Together, stomach and oesophageal cancer account for around 1.4 million new cancer diagnoses each year worldwide.
Both tend to be diagnosed late, because the symptoms are ambiguous, meaning the five-year survival rate for these two types of cancer is only 15 per cent.
Currently, the only way to diagnose oesophageal cancer or stomach cancer is with endoscopy — an expensive, invasive method with some risk of complications.
“A breath test could be used as a non-invasive, first-line test to reduce the number of unnecessary endoscopies. In the longer term this could also mean earlier diagnosis and treatment and better survival,” said Sheraz Markar from Imperial College London.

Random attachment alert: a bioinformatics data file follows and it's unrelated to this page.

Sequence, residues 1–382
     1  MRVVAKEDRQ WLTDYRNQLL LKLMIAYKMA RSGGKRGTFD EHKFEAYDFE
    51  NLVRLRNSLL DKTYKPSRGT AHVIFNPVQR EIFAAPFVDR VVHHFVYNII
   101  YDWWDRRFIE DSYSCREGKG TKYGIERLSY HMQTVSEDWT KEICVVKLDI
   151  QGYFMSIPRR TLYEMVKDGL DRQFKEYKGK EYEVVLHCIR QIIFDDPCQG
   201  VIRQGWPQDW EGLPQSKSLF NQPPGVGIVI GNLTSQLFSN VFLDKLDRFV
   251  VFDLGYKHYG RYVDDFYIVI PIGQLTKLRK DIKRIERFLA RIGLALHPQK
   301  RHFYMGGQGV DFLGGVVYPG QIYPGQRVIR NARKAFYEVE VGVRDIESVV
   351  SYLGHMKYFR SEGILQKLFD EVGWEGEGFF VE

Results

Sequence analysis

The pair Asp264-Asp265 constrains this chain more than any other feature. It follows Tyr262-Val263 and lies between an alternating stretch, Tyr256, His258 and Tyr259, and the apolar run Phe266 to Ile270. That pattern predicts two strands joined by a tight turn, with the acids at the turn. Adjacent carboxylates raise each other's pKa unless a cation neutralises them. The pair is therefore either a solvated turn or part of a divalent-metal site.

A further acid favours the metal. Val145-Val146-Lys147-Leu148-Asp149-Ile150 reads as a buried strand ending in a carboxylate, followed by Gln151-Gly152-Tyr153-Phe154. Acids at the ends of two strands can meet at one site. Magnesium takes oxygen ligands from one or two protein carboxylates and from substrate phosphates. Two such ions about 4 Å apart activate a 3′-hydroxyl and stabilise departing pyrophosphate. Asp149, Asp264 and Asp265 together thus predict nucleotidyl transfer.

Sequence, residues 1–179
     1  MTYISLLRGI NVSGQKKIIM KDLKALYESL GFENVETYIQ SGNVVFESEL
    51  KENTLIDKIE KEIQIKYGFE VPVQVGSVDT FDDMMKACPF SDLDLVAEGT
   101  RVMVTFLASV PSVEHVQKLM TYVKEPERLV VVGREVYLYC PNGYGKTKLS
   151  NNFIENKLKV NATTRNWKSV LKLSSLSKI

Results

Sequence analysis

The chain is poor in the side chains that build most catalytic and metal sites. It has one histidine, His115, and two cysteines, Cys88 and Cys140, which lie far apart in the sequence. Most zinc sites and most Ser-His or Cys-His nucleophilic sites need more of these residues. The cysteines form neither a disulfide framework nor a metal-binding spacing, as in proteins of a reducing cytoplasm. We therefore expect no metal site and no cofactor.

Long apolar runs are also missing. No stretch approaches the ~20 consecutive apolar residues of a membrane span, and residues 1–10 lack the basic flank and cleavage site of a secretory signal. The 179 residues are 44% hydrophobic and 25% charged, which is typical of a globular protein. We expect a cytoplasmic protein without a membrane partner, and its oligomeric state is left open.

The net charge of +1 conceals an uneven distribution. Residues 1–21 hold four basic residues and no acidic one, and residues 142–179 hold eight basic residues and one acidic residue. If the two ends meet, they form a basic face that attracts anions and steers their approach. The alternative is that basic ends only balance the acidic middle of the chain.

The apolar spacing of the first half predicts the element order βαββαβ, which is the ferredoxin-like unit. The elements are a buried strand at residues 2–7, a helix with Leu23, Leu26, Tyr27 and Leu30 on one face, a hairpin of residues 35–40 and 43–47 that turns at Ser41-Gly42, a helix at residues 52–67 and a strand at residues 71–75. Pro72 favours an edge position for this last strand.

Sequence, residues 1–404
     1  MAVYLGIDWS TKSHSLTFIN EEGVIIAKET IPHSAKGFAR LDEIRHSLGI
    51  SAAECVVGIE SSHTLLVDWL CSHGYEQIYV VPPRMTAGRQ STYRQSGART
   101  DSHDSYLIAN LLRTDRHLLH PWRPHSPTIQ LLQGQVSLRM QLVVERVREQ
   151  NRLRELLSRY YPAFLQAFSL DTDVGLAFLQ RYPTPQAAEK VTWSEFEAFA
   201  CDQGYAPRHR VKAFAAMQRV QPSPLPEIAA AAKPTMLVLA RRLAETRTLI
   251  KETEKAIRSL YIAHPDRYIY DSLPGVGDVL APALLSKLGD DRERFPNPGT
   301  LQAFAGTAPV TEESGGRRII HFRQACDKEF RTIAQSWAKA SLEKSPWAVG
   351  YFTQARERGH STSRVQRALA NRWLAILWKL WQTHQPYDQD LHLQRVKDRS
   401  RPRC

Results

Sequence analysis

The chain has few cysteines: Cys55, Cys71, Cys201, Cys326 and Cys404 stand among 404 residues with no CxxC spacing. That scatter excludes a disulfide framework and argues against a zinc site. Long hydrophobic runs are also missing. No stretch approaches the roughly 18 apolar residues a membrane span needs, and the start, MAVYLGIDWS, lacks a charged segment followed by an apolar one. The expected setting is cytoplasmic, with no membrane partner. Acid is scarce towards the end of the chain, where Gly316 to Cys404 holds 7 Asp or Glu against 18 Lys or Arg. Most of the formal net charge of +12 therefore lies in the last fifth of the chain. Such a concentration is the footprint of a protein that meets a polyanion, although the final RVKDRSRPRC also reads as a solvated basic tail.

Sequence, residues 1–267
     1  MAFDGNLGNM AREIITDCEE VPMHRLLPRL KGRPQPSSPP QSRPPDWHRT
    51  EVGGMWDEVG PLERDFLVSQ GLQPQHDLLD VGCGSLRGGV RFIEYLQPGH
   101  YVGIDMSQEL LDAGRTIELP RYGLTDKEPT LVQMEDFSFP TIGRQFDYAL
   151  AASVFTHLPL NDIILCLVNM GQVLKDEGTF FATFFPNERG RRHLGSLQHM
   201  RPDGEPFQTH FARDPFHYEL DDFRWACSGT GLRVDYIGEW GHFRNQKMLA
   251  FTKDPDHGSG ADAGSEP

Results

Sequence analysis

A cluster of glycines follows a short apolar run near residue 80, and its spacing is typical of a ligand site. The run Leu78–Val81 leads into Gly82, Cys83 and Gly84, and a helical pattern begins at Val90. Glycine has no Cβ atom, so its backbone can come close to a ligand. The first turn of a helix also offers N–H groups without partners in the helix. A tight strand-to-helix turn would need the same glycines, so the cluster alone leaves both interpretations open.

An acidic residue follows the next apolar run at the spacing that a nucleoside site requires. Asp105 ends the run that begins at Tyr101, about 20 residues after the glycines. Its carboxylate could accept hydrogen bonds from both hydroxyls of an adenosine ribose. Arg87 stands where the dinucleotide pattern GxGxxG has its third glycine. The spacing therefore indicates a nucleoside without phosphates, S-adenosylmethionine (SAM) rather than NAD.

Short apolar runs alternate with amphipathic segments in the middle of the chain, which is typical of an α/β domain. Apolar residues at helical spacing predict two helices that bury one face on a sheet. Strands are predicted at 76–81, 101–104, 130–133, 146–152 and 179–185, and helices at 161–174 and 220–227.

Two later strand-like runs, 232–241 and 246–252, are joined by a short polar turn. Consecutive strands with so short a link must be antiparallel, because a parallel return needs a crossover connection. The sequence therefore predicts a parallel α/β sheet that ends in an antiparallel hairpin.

Previous research suggested that there are differences in the levels of specific chemicals — butyric, pentanoic and hexanoic acids, butanal, and decanal — in patients with stomach or oesophageal cancer and patients with upper gastrointestinal symptoms without cancer.
In the new study, presented at the European Cancer Congress 2017 in The Netherlands, the team collected breath samples from 335 people, who were measured for levels of the five chemicals to see which ones matched to the ‘chemical signature’ that indicated cancer.
The results showed that the test was 85 per cent accurate overall, meaning that the breath test was good at picking up those who had cancer (80 per cent sensitivity) and was also good at correctly identifying who did not have cancer (81 per cent specificity).
“This study suggests that we may be able detect these differences and use a breath test to indicate which patients are likely to have cancer of the oesophagus and stomach and which do not,” Markar said.